We have successfully demonstrated that TESCoN can (1) reduce detrusor overactivity, increase bladder capacity and reduce episodes of incontinence in patients with SCI, stroke, multiple sclerosis and idiopathic over active bladder, (2) functional transformation of the sensory component of bladder control to improve sensation of fullness bladder and awareness by delaying the time between reaching bladder capacity and initiation of voiding, and (3) significantly reduce the number of incontinence episodes and night time voids that also reflects in the changes in NBSS scores. These observations suggest that the level of functional autonomy that is intrinsic to the neural circuitry that controls bladder function. This is a highly attractive clinical target for regaining greater levels of function in SCI and other etiologies of neurogenic bladder because it is a non-invasive form of neuromodulation that can re-engage and restore, via activity-dependent mechanisms, the automaticity intrinsic to the autonomic control of the LUT.
Data Availability Statement
All datasets generated for this study are included in the article/supplementary material.
The studies involving human participants were reviewed and approved by the Institutional Review Board of Rancho Research Institute, the research arm of Rancho Los Amigos National Rehabilitation Center, Downey, CA, United States. The patients/participants provided their written informed consent to participate in this study.
EK, PG, and VE designed the study. EK performed the initial medical evaluation and performed the urodynamic study. HZ, KL, and SY performed the day to day stimulation. PG analyzed the data. EK and PG wrote the manuscript. All authors edited and approved the manuscript.
This research was funded in part by the Conquer Paralysis Now Challenge award, Walkabout Foundation, Dana and Albert R. Broccoli Charitable Foundation, Nanette and Burt Forester, including matching by PwC LLP, and International Foundation for Research in Paraplegia, Society of Urodynamics, Female Pelvic Medicine and Urogenital Reconstruction (SUFU), and Whittier Foundation. The authors declare that this study received funding from PwC LLP. The funder was not involved in the study design, collection, analysis, interpretation of data, the writing of this article, or the decision to submit it for publication.
Conflict of Interest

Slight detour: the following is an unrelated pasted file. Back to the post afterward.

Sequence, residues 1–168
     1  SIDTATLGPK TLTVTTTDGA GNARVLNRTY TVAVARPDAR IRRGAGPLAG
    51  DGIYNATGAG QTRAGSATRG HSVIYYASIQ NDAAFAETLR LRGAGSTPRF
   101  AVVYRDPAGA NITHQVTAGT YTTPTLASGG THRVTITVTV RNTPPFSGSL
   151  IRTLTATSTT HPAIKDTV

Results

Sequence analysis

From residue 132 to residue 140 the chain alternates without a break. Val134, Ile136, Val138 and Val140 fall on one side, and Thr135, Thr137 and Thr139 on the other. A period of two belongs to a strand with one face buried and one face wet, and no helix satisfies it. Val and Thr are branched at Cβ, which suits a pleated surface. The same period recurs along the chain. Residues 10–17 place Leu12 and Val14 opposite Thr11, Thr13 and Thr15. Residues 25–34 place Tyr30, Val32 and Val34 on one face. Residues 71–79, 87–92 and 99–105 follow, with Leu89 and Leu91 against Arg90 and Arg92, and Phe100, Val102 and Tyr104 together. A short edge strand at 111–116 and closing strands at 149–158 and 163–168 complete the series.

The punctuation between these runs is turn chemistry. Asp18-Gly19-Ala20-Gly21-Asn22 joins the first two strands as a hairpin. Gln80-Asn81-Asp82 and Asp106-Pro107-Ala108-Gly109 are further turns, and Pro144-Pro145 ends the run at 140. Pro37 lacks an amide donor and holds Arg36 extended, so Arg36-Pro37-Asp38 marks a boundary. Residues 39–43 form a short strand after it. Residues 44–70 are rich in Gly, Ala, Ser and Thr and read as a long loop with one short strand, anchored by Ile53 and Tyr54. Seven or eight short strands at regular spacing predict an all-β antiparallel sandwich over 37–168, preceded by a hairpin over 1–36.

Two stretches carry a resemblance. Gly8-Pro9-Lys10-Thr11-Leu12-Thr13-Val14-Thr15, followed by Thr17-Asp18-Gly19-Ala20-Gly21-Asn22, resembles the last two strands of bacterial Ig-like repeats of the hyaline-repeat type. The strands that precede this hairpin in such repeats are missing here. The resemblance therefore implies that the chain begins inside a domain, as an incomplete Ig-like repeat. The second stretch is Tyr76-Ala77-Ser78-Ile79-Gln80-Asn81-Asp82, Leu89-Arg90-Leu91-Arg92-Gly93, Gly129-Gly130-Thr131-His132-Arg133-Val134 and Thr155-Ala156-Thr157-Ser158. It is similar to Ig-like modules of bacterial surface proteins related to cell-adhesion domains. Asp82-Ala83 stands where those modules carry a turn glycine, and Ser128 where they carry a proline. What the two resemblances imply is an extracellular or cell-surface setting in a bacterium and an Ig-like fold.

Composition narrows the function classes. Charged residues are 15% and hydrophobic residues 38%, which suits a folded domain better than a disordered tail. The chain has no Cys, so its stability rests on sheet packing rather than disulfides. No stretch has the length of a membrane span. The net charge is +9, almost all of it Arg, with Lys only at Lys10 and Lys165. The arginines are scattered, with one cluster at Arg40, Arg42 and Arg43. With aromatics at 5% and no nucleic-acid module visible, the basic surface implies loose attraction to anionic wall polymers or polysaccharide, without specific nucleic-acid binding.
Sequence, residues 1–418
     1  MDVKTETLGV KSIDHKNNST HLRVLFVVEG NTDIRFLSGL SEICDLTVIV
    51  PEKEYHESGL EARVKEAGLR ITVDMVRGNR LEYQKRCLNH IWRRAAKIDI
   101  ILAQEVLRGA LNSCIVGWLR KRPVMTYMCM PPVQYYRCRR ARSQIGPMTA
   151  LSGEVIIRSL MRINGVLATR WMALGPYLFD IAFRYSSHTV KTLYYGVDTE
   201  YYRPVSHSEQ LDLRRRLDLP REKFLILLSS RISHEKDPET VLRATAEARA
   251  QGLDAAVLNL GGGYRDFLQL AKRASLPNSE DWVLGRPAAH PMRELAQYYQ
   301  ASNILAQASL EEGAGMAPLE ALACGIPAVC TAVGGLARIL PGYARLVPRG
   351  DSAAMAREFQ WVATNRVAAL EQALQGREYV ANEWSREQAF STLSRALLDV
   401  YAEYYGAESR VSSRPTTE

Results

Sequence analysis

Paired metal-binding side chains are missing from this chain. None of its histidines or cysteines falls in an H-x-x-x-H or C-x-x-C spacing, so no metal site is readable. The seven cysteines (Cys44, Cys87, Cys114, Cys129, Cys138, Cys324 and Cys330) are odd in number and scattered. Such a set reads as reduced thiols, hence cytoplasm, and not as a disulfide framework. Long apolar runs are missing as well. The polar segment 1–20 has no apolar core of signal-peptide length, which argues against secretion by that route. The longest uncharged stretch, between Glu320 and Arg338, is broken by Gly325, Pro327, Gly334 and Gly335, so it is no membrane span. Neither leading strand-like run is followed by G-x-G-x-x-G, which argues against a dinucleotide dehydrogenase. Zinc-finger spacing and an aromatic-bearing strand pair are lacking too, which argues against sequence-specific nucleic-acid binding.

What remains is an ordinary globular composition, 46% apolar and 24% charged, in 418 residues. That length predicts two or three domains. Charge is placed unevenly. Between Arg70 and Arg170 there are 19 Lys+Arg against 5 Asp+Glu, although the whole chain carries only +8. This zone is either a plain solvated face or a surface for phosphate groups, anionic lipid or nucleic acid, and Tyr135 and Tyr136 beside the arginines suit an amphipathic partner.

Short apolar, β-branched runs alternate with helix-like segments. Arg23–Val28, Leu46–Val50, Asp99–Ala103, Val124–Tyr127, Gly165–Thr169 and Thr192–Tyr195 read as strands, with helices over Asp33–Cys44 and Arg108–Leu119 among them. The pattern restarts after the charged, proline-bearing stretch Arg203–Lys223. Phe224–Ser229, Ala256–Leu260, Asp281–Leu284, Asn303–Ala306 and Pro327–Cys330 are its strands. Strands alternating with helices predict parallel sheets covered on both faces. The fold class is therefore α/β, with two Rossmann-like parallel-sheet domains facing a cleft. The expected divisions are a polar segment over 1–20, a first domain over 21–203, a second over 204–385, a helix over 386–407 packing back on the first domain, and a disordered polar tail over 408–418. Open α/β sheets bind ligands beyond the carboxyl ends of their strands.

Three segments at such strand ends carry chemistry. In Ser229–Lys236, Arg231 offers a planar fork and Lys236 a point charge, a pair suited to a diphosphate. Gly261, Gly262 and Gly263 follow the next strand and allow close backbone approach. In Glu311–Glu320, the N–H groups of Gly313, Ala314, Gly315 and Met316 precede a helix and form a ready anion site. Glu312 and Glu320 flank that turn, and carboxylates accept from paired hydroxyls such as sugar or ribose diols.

VE holds shareholder interest in NeuroRecovery Technologies and hold certain inventorship rights on intellectual property licensed by The Regents of the University of California to NeuroRecovery Technologies and its subsidiaries. VE and PG holds shareholder interest in spineX Inc., and hold certain inventorship rights on intellectual property licensed by The Regents of the University of California to spineX Inc.
The remaining authors declare that the research was conducted in the absence of any commercial or financial relationships that could be construed as a potential conflict of interest.
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Keywords: non-invasive spinal cord stimulation, spinal cord injury, stroke, multiple sclerosis, neurogenic bladder, over active bladder urodynamics
Citation: Kreydin E, Zhong H, Latack K, Ye S, Edgerton VR and Gad P (2020) Transcutaneous Electrical Spinal Cord Neuromodulator (TESCoN) Improves Symptoms of Overactive Bladder. Front. Syst. Neurosci. 14:1. doi: 10.3389/fnsys.2020.00001
Received: 21 September 2019; Accepted: 06 January 2020;
Published: 06 February 2020.
Edited by:Ronaldo M. Ichiyama, University of Leeds, United Kingdom
Reviewed by:Michelle Hook, Texas A&M University, United States
Kyle Baumbauer, University of Kansas Medical Center, United States
Copyright © 2020 Kreydin, Zhong, Latack, Ye, Edgerton and Gad. This is an open-access article distributed under the terms of the Creative Commons Attribution License (CC BY). The use, distribution or reproduction in other forums is permitted, provided the original author(s) and the copyright owner(s) are credited and that the original publication in this journal is cited, in accordance with accepted academic practice. No use, distribution or reproduction is permitted which does not comply with these terms.
*Correspondence: Parag Gad, firstname.lastname@example.org